Tellico Village Property Owners Association Board of Directors showed unanimous approval Oct. 16 for funding a 500,000-gallon water storage tank design for the Coyatee Hills subdivision after discussing concerns about sole sourcing and tank capacity.

Low water pressure had been an ongoing issue for residents in the northern portion of the Village due to lawn irrigation during the summer. Though the summer season has ended, the POA is taking steps to prevent another string of water pressure issues.

According to a task order, Coyatee Hills has an elevated pressure zone supplied by a booster station on Osage Drive, and the proposed tank property, located at lot 26/27, will support the tank base elevations of 1,105 feet. A booster station will be required to meet system pressures. The existing Coyatee Booster Station will be relocated to the tank site.

The design process for the tank, which is estimated at $63,150, is $23,150 over the budgeted amount of $40,000 for the project.

Funding will come from the POA’s Water & Sewer Reserve Fund, and Jacobs Engineering Group Inc., has been chosen as the sole source provider of the service. Cost was a factor in questioning the engineering group.

Parker Owen, POA chief financial officer, said the engineering group is familiar with the Village system.

Michael Colacone, board member, asked why the requested funds are $23,000 over the original budget of $40,000, and if Jacobs Engineering should have noted the extra model costs up front.

Jeff Gagley, POA public works director, said the engineering company was unsure of the models’ cost at the time of the budget estimate.

“The (Public Services Advisory Committee) worked through this, and basically the tank itself changed, and the requirements for that tank changed as part of this whole process,” Cap Purvis, board member, said. “It’s like you’re designing apples and now you’re going to do pears.”

The Jacobs Engineering design price and the group’s role as the sole source drew concern from other board members.

“With the sole sourcing, why are we not going out and checking the market and see if an engineering firm with the expertise that installs water tanks wants a quote on this because we could give them our diagrams, our flows, our pressures,” Steve Schneider, board member, said. “I’m uncomfortable saying we have a sole source just because Jacobs has done the work before. We know from experience what Jacobs is capable of doing. We’ve also seen a case where they kind of tilted the scale a certain way in regard to not relying on certain experts. I think we might need to get a second quote, and if it comes back at $100,000, then we’ve got it, but just to say because they’ve done sole work so far, then they ought to get the job, that’s the first concern I’ve got.”

Carla Johnson, board member, agreed with Schneider.

“I would like to see another quote on this and one of the reasons is I spoke with a water and sewer engineer, and I was asking him about the Jacobs study,” Carla Johnson said. “First I asked him if he was familiar with Jacobs, and he said, ‘That’s like asking a car dealer if they’re familiar with Cadillac.’ … I asked do we get the increased quality that corresponds with the increased cost, and he couldn’t really speak to that, so it just raised questions for me since we don’t have anything to compare it to. Are we paying too much?”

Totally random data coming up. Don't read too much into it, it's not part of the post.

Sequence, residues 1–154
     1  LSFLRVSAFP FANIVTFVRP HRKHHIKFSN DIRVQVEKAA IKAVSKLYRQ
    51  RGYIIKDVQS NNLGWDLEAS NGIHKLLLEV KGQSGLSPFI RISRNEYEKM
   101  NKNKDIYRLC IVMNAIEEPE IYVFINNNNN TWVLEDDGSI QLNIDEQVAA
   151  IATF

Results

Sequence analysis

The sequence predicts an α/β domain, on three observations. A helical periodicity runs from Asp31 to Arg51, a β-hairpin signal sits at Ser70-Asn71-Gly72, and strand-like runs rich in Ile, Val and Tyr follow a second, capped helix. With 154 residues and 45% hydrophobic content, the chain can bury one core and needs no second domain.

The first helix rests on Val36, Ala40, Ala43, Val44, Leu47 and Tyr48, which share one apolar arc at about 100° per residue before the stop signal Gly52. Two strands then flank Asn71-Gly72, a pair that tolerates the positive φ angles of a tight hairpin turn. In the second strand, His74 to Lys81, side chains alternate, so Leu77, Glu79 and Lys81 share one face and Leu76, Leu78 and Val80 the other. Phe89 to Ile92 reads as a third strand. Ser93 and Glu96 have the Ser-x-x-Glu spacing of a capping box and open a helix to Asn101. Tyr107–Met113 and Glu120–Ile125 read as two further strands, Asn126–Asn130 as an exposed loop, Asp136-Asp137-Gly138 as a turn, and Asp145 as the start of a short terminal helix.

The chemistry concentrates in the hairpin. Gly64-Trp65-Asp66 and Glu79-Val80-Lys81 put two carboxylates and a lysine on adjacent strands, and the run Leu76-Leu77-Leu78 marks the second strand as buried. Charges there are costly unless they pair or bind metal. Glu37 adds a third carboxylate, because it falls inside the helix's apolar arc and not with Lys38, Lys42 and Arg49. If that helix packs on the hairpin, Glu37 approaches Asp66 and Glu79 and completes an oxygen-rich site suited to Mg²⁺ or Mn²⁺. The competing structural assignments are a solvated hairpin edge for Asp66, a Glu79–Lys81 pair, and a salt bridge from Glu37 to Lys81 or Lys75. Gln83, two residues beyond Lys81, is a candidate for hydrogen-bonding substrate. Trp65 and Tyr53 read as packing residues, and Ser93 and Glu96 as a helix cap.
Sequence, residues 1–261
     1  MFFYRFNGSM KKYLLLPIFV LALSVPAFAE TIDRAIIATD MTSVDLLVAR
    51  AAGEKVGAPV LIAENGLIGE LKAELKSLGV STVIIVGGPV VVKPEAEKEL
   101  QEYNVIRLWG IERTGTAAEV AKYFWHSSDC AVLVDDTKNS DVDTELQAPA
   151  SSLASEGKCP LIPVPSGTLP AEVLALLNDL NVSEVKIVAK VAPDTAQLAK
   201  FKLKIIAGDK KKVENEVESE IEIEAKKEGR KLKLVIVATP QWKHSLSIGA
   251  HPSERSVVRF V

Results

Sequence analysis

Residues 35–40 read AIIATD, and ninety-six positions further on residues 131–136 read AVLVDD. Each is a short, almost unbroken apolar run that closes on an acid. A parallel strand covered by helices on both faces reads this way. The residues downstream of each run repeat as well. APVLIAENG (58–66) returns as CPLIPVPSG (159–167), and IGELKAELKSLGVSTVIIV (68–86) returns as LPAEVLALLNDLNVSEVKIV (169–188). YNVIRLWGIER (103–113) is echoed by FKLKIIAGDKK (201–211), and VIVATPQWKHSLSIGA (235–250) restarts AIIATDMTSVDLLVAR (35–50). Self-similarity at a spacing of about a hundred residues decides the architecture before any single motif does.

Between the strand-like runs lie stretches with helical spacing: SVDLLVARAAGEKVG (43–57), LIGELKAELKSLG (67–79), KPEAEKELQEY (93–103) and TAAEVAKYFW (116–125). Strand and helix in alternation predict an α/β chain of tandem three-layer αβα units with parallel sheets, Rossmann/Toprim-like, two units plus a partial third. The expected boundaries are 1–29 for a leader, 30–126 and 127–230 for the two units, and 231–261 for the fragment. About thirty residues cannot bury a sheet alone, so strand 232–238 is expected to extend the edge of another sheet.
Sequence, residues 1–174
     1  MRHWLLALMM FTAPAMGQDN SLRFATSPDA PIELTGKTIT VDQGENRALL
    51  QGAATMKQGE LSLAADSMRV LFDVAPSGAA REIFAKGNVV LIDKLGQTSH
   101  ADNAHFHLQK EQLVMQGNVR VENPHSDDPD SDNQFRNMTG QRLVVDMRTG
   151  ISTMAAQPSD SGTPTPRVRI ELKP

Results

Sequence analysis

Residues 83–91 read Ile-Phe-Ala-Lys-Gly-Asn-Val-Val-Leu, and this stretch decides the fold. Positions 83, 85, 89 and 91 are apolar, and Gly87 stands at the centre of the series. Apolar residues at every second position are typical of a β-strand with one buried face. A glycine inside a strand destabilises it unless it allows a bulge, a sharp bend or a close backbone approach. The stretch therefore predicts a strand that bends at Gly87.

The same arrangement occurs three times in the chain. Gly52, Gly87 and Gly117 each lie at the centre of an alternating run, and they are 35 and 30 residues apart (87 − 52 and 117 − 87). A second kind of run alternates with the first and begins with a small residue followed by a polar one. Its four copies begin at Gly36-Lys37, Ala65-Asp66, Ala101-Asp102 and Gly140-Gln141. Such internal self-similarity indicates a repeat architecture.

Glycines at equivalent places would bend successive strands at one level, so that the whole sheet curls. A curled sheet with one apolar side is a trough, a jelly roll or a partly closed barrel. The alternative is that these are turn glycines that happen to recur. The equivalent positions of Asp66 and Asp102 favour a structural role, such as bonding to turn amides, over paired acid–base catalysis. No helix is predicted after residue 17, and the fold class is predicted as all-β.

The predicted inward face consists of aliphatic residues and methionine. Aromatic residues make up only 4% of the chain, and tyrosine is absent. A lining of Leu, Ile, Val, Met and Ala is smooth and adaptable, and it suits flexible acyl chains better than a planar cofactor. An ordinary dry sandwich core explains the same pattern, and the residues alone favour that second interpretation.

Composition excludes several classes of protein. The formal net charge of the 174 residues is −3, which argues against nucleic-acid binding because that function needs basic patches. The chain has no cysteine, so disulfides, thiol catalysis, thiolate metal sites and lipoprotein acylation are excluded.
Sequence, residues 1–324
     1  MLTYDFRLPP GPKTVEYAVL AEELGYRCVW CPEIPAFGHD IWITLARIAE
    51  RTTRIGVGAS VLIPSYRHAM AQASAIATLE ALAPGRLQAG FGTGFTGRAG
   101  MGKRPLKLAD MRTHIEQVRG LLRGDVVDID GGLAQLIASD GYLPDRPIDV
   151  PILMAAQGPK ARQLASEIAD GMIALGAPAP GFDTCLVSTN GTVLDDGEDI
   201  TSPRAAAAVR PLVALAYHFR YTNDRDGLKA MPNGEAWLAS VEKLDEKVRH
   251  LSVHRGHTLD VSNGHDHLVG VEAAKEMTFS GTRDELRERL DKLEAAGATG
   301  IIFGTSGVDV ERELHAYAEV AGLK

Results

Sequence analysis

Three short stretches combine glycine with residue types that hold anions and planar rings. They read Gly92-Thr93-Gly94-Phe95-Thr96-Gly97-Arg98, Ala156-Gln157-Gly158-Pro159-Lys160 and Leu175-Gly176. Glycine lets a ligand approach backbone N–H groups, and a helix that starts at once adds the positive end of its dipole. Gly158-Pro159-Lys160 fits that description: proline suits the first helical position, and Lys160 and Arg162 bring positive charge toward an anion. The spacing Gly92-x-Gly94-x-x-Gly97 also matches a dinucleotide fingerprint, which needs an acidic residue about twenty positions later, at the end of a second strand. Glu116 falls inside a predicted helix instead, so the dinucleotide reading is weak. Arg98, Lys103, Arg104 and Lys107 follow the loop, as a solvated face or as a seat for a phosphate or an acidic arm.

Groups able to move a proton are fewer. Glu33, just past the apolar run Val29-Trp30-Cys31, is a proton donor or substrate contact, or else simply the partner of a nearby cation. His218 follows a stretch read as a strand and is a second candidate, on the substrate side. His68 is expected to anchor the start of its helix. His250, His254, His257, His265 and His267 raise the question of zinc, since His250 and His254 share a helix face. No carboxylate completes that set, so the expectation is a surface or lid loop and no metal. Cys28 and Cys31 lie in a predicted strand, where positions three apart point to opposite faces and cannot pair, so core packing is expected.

Gagley assured the PSAC recommended the POA stick with Jacobs Engineering.

Schneider also voiced his fear that Loudon Utilities Board may be unable to keep the 500,000-gallon tank full, which was a persistent issue in the past.

“One big issue is we’re making an assumption that LUB or some water company will be able to fill that half a million (gallon) water tank and keep it full,” Schneider said. “That’s a basic assumption.”

Gagley had no concerns about LUB keeping the tank full.

Bruce Johnson, POA board president, said an alternate option if LUB fails to properly supply the tank is to use Tellico Area Services System, although it is more expensive. In the summer, the POA worked with TASS to improve water pressure despite the extra cost. He recently spoke with a Villager at a grocery store who had experienced the low water pressure situation.

“He said, ‘I just want to thank you for giving us water pressure in Toqua’,” Bruce Johnson said. “Ever since we brought the issue before the board, we have not had a water pressure issue. That’s during the driest part of the season (during the latest drought). We had addressed the issue at the moment, and it should not do anything but get better as people quit irrigating, so that in conjunction with a new water tank and the continued use of water from the south end from TASS, we should be able to handle the problem going forward.”

Purvis and board member Rick Blough motioned and seconded, respectively, to approve funds as long as money was not spent until the land on which the tank will sit was obtained.

Gagley expects to acquire the deed for the Coyatee Hills property this week, which will begin the design process. Hopes are to have the design process completed in January, with the bidding and awarding process following. Construction administration is projected to begin in March and conclude in September.

In other business, the POA board members:

• Approved to install a replacement camera system for the Kahite clubhouse at $9,190.

• Moved $50,000 from the Contract Access Fee fund to the reserve fund for CAF fees.